Homemade Ice Cream: A Summertime Treat
This article was originally published on July 10, 2012 and expired on August 21, 2012. It is provided here for archival purposes and may contain dated information.
A hot summer day often calls for a cool frozen treat. Ice cream has become a common staple in many households, but it once was a luxury reserved for special occasions. According to the International Dairy Foods Association, ice cream dates as far back as the second century B.C., well before modern refrigeration was developed. Today, ice cream lovers can make the treat at home either by hand or by what's most commonly used: an electric ice cream maker.
Some homemade ice cream recipes call for eggs, which add a rich flavor and color as well as a smooth creamy texture. Jenna Smith, University of Illinois Extension Nutrition and Wellness Educator, says that food safety should be practiced when making this custard-based ice cream. Every year homemade ice cream causes numerous outbreaks of salmonella infection. Egg mixtures containing raw eggs should be cooked first to reach a minimum temperature of 160 degrees F. "This step of cooking the mixture should destroy salmonella bacteria that may be present in raw eggs," says Smith. Liquid pasteurized egg product may be used, but the United States Department of Agriculture suggests that it is still best to cook the mixture first, especially when serving to a high risk population which includes, infants and young children, pregnant women, elderly, and people with weakened immune systems.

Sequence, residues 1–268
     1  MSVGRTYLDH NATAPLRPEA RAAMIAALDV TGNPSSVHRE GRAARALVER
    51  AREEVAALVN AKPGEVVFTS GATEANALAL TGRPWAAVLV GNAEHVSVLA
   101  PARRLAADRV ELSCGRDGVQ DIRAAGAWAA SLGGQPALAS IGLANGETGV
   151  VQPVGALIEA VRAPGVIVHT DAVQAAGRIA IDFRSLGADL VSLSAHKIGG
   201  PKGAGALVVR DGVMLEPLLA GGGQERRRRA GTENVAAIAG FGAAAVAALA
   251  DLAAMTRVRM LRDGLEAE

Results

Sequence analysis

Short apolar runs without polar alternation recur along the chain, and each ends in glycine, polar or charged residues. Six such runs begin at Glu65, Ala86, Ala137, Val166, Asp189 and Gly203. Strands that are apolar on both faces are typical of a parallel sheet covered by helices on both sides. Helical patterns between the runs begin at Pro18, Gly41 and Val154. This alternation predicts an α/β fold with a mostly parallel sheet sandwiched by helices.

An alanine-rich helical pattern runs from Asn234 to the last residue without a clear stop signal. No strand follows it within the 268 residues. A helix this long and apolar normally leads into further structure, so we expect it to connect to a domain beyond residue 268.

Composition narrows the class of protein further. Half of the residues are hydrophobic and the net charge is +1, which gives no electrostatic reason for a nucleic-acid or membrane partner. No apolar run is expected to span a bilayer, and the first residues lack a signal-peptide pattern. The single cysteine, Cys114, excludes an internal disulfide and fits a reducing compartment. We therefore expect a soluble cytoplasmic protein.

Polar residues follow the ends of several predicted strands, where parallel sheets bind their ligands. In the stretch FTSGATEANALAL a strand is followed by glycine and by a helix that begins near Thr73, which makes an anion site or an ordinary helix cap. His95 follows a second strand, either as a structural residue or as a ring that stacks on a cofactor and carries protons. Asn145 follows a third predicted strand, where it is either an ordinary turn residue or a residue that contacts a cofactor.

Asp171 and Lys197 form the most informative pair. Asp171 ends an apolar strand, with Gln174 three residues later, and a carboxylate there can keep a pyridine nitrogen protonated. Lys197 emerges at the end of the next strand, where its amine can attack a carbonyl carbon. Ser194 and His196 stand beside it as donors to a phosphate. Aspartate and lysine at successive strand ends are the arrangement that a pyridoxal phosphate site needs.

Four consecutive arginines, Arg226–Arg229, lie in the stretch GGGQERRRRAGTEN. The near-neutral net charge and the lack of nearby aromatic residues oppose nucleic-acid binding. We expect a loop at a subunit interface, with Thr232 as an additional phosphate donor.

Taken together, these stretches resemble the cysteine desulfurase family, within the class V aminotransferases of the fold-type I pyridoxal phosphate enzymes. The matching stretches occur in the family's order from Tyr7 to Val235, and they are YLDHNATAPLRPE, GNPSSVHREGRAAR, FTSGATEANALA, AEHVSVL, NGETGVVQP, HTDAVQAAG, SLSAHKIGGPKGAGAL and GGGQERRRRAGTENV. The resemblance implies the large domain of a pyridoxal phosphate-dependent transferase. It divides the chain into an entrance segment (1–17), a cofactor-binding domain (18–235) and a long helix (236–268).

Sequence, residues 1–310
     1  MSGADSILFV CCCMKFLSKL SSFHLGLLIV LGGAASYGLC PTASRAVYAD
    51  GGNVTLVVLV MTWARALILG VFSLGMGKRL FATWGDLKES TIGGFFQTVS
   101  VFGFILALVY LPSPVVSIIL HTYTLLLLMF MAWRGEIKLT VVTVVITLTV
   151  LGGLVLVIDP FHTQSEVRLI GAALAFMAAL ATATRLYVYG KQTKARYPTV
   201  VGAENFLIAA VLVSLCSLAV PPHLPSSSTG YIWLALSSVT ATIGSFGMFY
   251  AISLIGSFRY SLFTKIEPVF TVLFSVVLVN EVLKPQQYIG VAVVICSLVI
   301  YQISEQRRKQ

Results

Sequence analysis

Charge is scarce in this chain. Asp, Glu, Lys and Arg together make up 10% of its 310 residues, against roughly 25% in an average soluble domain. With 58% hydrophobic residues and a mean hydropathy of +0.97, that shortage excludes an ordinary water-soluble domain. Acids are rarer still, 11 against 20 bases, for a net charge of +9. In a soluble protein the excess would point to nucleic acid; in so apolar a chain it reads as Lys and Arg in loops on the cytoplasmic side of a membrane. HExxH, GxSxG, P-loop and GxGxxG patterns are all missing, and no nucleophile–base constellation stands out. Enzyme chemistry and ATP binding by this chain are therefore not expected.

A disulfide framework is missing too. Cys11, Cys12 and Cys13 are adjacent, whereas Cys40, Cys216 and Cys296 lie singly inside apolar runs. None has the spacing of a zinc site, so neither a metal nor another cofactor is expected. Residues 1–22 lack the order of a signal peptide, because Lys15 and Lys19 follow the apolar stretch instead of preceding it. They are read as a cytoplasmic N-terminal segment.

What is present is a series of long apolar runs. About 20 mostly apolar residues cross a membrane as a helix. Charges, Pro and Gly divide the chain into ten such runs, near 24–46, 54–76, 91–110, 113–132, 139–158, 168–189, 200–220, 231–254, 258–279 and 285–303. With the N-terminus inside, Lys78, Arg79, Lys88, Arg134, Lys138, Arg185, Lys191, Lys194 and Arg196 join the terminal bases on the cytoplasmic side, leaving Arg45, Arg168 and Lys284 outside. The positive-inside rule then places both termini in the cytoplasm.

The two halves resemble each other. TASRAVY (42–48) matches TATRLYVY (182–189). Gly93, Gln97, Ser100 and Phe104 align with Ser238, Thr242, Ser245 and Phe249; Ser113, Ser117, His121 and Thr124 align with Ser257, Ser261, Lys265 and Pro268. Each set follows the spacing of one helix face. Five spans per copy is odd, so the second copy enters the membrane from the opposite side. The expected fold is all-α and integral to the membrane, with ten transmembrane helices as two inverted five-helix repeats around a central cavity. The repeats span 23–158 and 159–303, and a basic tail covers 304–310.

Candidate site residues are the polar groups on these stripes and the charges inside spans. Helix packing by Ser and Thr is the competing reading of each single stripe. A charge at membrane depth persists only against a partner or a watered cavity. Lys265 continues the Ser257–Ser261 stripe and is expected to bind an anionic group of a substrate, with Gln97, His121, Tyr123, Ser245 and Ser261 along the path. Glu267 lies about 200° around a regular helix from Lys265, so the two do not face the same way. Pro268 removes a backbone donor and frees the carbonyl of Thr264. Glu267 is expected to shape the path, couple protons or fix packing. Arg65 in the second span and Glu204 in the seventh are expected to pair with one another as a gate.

When storing ice cream, do not allow it to repeatedly soften and refreeze. When the ice creams ice crystals melt and re-freeze, they can eventually turn into large, tasteless lumps. Instead of storing ice cream in the freezer door where it is exposed to fluctuating temperatures from the door opening and closing, store it in the back of the freezer. The freezer should be set between -5 degrees F and 0 degrees F.
While ice cream may not be the healthiest foods, as it's often loaded with fat and sugar, it can still be an occasional treat to the diet. Try this lower fat version to cool down an ice cream craving.
Eggless Vanilla Ice Cream
2 cups 2% milk
1 cup granulated sugar
2 cups half and half
2 teaspoons vanilla extract
Combine all ingredients in a large mixing bowl and stir briskly until sugar is dissolved. Pour into a 1 gallon ice cream freezer and freeze according to manufactures directions.
Yield: 1 1/2 quarts
Nutritional Analysis Per 1/2 cup Serving: 140 Calories, 6 g fat, 20 mg cholesterol, 35 mg sodium, 21 g carbohydrate, 3 g protein
Source: Jenna Smith, Extension Educator, Nutrition and Wellness, email@example.com
Pull date: August 21, 2012